I’m not terribly comfortable receiving compliments. The ones I do best with are usually never intended as compliments in the first place. Like when the New York Times referred to this Great White cover photo as an illustration. Illustration? Ha. Thanks, I’ll take it.
It was the first time I’d done a reflecting pool, and nearly the last…but I’ll get to that part of the story later. At the time, I was shooting out of a 6,000 square foot studio in downtown L.A. I’ve certainly never been afraid of composites, but with that kind of room to play with, I thought “why not go for it?” I love a good challenge and there’s definitely something magical about seeing it all come together in camera rather than in post-production.
We got Fred Sutherland, who’s now a famous metal sculptor, to create the giant treble hook. He even had the foresight to include a bicycle seat for the model to sit on. The rope was one used to actually tie off boats, and we found it at the piers of San Pedro. We were told the model couldn’t be naked, so an assistant was set out to find kelp that we could drape her with. We had all the pieces to create exactly the tableau we wanted: reflecting pool, hook, rope, girl. Done. I shot it on a 4 x 5 camera. It took 12 frames.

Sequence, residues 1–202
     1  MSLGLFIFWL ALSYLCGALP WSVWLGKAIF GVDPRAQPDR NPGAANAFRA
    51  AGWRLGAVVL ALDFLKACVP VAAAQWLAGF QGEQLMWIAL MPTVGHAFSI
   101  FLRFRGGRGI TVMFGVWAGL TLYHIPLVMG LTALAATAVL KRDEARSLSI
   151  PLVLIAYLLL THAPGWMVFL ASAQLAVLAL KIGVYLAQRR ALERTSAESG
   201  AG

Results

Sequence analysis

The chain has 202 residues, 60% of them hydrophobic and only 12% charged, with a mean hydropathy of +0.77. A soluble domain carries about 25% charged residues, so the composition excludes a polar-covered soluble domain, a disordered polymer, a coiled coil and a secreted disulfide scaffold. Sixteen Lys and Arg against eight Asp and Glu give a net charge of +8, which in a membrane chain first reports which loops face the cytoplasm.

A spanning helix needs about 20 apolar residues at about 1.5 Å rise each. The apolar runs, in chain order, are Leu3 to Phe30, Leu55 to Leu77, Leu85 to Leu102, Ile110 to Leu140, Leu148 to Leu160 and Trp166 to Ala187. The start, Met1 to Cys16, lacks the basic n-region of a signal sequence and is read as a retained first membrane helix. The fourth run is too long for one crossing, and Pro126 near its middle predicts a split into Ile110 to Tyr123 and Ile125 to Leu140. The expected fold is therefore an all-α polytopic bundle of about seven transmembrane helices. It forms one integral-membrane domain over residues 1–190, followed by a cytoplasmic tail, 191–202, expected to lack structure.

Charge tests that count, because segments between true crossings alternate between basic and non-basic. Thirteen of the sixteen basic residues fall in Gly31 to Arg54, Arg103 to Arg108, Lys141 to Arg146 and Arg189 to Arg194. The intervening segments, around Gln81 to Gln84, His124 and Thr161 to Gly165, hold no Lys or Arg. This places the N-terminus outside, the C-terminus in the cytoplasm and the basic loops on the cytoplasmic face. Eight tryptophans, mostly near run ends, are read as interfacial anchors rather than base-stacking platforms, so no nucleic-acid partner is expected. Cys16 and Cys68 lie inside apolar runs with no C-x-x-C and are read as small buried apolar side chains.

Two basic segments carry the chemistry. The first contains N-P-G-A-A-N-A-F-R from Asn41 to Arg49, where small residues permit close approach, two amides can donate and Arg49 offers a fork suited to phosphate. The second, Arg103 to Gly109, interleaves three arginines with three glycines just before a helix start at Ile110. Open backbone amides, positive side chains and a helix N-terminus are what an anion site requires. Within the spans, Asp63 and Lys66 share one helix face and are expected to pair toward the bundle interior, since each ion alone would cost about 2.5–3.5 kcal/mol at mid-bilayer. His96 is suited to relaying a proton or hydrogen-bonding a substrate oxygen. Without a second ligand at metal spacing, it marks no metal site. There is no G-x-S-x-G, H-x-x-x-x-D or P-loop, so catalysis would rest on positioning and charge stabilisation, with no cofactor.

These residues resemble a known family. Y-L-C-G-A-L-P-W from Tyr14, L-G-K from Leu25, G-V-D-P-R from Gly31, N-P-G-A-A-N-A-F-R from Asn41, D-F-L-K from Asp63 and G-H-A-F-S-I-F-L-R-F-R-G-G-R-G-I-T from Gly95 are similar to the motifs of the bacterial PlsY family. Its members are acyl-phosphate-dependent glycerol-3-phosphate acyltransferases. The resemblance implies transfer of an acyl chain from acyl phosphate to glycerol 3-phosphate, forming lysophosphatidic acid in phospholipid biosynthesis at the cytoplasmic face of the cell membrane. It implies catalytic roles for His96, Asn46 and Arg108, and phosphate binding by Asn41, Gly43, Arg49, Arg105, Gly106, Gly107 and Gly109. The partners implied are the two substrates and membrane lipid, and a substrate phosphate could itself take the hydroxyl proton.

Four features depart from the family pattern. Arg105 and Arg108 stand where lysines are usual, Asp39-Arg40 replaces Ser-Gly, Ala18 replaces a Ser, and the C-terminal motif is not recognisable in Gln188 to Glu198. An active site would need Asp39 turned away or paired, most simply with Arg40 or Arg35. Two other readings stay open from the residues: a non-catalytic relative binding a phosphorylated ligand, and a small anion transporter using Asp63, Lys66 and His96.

Then the suits at the record label saw it. Apparently, covering the model in kelp didn’t count as “not being naked”. So the decision was made to drop her into the water for the album cover. A decision, I might add, that I had nothing to do with.
But back to that damn reflecting pool. The night after the “Hooked” shoot was Warrant’s album release party for Cherry Pie. There was an open bar so I proceeded to indulge. I don’t remember much from the rest of the party. After the party, however, several of us ended up back at my studio where the reflecting pool was still set up. It was only about a foot deep, but it was 20 x 20. Someone had the thought that it would make a great post-party wading pool. Only the water was too cold. So we hooked a hose up to the sink and filled it up with hot water. Which we then forgot to turn off.
My next clear memory from that occasion was my downstairs neighbor banging on my studio door. The studio was flooded and he had water pouring in from the ceiling. Ooops. The average person would have taken that as a cue to do away with the reflecting pool. Me? I left it up for several more weeks and utilized it for another couple projects before finally dismantling it.
One more fun little tidbit about shooting “Hooked”…Hugh Syme, the project’s art director, had a shark fin fabricated for the shoot. We needed the fin to cross the reflecting pool to get the shot we wanted. How does one get a fiberglass shark fin across a 20’ pond? On a skateboard pulled by a rope!